float division by zero error python Pace Mississippi

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float division by zero error python Pace, Mississippi

I get tetchy when I haven't had any dinner. The benefit will be more noticeable for statements like verboseName[complicated + index + calculation].verboseAttribute += 1 print "The average is: ", sum / count #the error is in the above line Here's an excerpt from floatdiv.c in Objects/floatobject.c: if (b == 0.0) { PyErr_SetString(PyExc_ZeroDivisionError, "float division"); return NULL; } This is probably the only sane way to deal with differences in platform Python doesn't generate exceptions for other floating point "events" -- why the inconsistency with divide by zero?

From the PoV of a numerics guy it's surprising. Why is water evaporated from the ocean not salty? Number-crunching doesn't necessarily imply that you need to crunch billions of numbers in the minimum time possible. But you might want to modify this line to deal with the situation that count == 0.

In the finally block we check if the file is opened or not. So I would also trap any errors besides trapping for the obvious zero division. This could slow down floats a bit because every time f/0. Lagrangian of a 2D double pendulum system with a spring Can I buy my plane ticket to exit the US to Mexico?

A better statement: the completion (in the sense of lattices) of the real numbers is (isomorphic to) the doubly-extended real line. Are there any rules or guidelines about designing a flag? Python doesn't generate exceptions for other floating point "events" -- why the inconsistency with divide by zero? Not the answer you're looking for?

Does chilli get milder with cooking? Since infinity == infinity + delta for any delta, comparison for equality seems a little specious. How to know CPU frequency? Any thoughts on the general directions here?

professionals. Turn off ZeroDivisionError? If this clause was omitted, Python would just raise the exception on its own. So far I love it.

That's the reason for two math modules (math and cmath). Having INF == INF be True seems like something that makes sense both mathematically and computationally. Properly, comparisons like ">" have three possibilities: True, False, and "raise". without worrying about what set has cardinality -1, I see no reason why we shouldn't generalize negation to the alephs.

Maybe there should be another division operator for use by FP professionals? / -- mathematical real division // -- mathematical integer division /// -- IEEE floating point division (where supported) -- float division by zero. Python is my game. You could then catch the exception whenever it occurs and handle the situation from there on.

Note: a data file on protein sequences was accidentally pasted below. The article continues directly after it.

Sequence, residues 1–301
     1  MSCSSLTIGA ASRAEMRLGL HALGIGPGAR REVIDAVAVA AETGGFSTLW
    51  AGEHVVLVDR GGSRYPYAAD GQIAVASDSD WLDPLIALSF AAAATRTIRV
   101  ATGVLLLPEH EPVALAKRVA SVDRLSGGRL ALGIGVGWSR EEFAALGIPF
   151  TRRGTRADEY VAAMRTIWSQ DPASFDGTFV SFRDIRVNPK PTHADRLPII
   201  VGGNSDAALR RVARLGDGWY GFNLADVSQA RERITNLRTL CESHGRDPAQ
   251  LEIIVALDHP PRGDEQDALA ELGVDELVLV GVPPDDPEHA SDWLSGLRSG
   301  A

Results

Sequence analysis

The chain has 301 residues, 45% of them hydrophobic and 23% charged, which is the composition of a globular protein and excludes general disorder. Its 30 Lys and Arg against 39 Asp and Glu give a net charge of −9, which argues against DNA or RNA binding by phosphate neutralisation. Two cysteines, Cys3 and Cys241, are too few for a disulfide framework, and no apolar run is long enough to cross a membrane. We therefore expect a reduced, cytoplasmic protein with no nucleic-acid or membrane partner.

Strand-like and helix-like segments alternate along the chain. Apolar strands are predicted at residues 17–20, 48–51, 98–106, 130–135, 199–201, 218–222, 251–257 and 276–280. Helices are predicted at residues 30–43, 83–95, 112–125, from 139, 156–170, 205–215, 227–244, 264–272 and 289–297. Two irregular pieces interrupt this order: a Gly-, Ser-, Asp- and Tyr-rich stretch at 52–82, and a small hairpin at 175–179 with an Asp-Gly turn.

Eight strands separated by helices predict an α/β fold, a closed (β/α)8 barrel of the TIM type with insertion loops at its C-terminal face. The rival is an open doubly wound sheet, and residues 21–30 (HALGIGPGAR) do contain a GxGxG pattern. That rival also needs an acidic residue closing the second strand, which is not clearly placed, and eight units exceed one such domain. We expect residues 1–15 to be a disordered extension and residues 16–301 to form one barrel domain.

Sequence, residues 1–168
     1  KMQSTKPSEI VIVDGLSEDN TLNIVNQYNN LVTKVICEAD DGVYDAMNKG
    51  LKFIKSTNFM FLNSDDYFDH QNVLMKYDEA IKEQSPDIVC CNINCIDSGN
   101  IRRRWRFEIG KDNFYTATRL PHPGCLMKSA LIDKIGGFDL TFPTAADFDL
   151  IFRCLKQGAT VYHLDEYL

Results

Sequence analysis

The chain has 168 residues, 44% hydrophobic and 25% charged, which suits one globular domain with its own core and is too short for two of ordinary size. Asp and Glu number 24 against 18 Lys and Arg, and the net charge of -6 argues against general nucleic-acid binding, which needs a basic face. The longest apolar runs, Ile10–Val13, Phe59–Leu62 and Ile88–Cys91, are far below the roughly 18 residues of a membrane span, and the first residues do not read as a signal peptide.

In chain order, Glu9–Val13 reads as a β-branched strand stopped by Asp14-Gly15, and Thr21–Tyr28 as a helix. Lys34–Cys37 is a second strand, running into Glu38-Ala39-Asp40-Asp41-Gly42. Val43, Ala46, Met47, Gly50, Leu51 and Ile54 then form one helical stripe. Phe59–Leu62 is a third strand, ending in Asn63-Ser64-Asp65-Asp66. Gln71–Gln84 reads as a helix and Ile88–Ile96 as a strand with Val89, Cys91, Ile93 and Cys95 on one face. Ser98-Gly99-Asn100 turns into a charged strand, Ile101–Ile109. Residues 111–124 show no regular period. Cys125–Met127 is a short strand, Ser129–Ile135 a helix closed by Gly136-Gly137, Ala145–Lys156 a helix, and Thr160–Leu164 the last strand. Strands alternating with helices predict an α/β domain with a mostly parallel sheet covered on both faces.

to produce an infinity; somepeople would prefer an exception. Yes, Python does do an explicit check for a zero denominator. a = / det # KABOOM! com>...

Even if you are worried about speed, using tools like like numpy can do some pretty cool stuff. I don't want to significantly slow floating point math, so I don't want to just trap the exception. It took us a lot of effort to get consistent results for edge cases of basic functions like sin and atan on all platforms. It was agreed quite a while ago amongst the Python demigods that the IEEE overflow, invalid and divide-by-zero signals should ideally raise Python exceptions, while underflow and inexact should be ignored.

But that hardly seems relevant to using floating-point as a model for the doubly extended real line, which has exactly two infinities. Not the answer you're looking for? Here's an excerpt from floatdiv.c in Objects/floatobject.c: if (b == 0.0) { PyErr_SetString(PyExc_ZeroDivisionError, "float division"); return NULL; } This is probably the only sane way to deal with differences in platform How to decrypt a broken S/MIME message sent by Outlook?

Or in English... -aleph(0) is the number more negative than every negative integer, which gratifyingly matches our intuition about negative infinity. But I can imagine there are use-cases for nonstop arithmetic with nans and infs where speed isn't the topmost concern. It raises an exception because everybody has learned at school 1/0 is not allowed. >From the PoV of a mathematician Python does the right thing, too. 1/0 is not defined, only But for numerically-aware users it would be nice if it were possible to do non-stop IEEE arithmetic with infinities and NaNs.

Why on earth whether 1/x throws or not depends on the input noise of x? Among other exceptions. So if the hard-coded kalibration.txt file happens to be present but empty, you'll get the exact same ZeroDivisionError. See: http://en.wikipedia.org/wiki/Point_at_infinity Aleph 1 didn't come up in the discussion earlier either.

If that's the rule, it shouldn't be broken in the special case of division by zero. I was thinking of the nonstandard reals. Possibly make it possible to trap individual flags.